9. DPRK on DPRK US Talks

Korean Central News Agency (“KCNA ON DPRK-US TALKS PYONGYANG,” 08/05/03) reported that a spokesman for the Ministry of Foreign Affairs in a statement released on August 1 referred to the DPRK’s new proposal for starting the six-party talks and holding the bilateral talks within their framework to discuss the nuclear issue between the DPRK and the US It is a reflection of the DPRK’s sincere and patient efforts to peacefully settle the nuclear issue between the DPRK and the US through dialogue at any cost. It is gratifying that the countries concerned and the world public unanimously welcomed the DPRK’s principled and fair proposal. The US has deliberately sidestepped a peaceful negotiated settlement of the issue while insisting on the absurd assertion that “north Korea should scrap its nuclear program before dialogue” and raising such secondary issues as format of dialogue. This created a serious hurdle in the way of settling the nuclear issue on the Korean peninsula and pushed the nuclear stand-off between the DPRK and the US to an extreme pitch of tension. As a result, the situation has led to such a dangerous phase that a war may break out any moment. A new format of dialogue has been decided upon thanks to the DPRK’s magnanimity and bold decision to remove the danger of a war from the Korean peninsula and peacefully settle the nuclear issue. So, everything depends on the US attitude. As already known, what is essential for settling the DPRK-US nuclear issue, a product of the US hostile policy toward the DPRK, is whether the US has a bold intention to make a switchover in its policy to stifle the DPRK and a firm political will to prove it in practice. A fundamental settlement of the nuclear issue would be unthinkable without the US switchover in its policy toward the DPRK.

10. CanKor Issue #129

The DPRK and the US agree to hold bilateral dialogue within a multilateral setting. In addition to the ROK, Japan and China, as proposed by the USA, the meetings will also include Russia, as proposed by the DPRK. The much- anticipated talks are expected to take place early September. Military action against the DPRK could result in “casualties that would shock the world” leaving negotiation the only viable option, argues William Perry, US secretary of defence from 1994 to 1997, and Clinton’s DPRK policy coordinator from 1998 to 2000, in a commentary in the Washington Post. But US strategy is “to not negotiate, just wait”, writes Larry Niksch, in the Far Eastern Economic Review. A specialist in Asian Affairs at the Congressional Research Service in Washington, Niksch states that regime change is indeed the Bush administration’s policy objective, and American military planning appears to have moved to “a broader plan of massive strikes against multiple targets”. A top Canadian military official offers Canada’s full cooperation to help settle the nuclear crisis on the peninsula during a meeting with the Joint Chiefs of Staff in Seoul.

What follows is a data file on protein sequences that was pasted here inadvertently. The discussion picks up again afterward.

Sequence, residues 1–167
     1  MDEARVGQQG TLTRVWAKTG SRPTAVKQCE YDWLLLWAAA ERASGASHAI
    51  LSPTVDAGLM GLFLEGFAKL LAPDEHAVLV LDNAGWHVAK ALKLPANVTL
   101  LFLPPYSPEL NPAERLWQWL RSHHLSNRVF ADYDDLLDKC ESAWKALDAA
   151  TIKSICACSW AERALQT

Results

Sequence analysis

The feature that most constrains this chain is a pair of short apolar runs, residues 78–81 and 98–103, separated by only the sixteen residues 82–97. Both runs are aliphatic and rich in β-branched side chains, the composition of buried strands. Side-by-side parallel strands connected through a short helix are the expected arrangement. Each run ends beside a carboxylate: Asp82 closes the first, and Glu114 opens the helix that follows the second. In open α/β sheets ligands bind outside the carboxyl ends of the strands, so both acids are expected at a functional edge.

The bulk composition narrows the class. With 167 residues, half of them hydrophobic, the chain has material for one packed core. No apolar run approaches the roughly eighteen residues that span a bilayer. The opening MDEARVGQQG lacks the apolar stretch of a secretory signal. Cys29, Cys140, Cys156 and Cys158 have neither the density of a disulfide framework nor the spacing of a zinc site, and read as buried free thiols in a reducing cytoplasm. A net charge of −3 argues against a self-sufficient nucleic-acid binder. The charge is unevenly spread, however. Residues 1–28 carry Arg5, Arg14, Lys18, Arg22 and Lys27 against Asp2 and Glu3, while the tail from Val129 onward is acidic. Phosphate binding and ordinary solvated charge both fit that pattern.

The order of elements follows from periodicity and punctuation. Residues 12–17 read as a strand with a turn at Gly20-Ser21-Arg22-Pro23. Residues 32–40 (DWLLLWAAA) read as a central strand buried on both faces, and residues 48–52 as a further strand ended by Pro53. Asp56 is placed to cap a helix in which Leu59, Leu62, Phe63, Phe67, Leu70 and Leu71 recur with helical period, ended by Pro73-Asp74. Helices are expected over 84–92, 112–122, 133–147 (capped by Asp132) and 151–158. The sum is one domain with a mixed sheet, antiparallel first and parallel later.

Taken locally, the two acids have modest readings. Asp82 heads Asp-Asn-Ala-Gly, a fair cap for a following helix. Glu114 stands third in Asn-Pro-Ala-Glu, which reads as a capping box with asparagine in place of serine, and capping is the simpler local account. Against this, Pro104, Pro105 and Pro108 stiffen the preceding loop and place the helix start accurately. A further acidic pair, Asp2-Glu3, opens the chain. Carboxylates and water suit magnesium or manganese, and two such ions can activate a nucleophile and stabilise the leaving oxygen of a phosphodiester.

http://www.cankor.ca

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Produced by the Nautilus Institute for Security and Sustainable Development in partnership with:

Ilmin Internationl Relations Institute
BK21 The Education and Research Corps for East Asian Studies
Department of Political Science, Korea University, Seoul, Republic of Korea

Center for American Studies,
Fudan University, Shanghai, People’s Republic of China

International Peace Research Institute (PRIME),
Meiji Gakuin University, Tokyo, Japan

Monash Asia Institute,
Monash University, Clayton, Australia

Brandon Yu: napsnet@nautilus.org
Berkeley, California, United States

Timothy L. Savage: napsnet@nautilus.org
Berkeley, California, United States

Kim Young-soo: yskim328@hotmail.com
Seoul, Republic of Korea

Hibiki Yamaguchi: hibikiy84@hotmail.com
Tokyo, Japan

Saiko Iwata: saiko@akira.ne.jp
Tokyo, Japan

Hiroya Takagi: hiroya_takagi@hotmail.com
Tokyo, Japan

Peter Razvin: icipu@online.ru
Moscow, Russian Federation

Wu Chunsi: cswu@fudan.ac.cn
Shanghai, People’s Republic of China

Dingli Shen: dlshen@fudan.ac.cn
Shanghai, People’s Republic of China

John McKay: John.McKay@adm.monash.edu.au
Clayton, Australia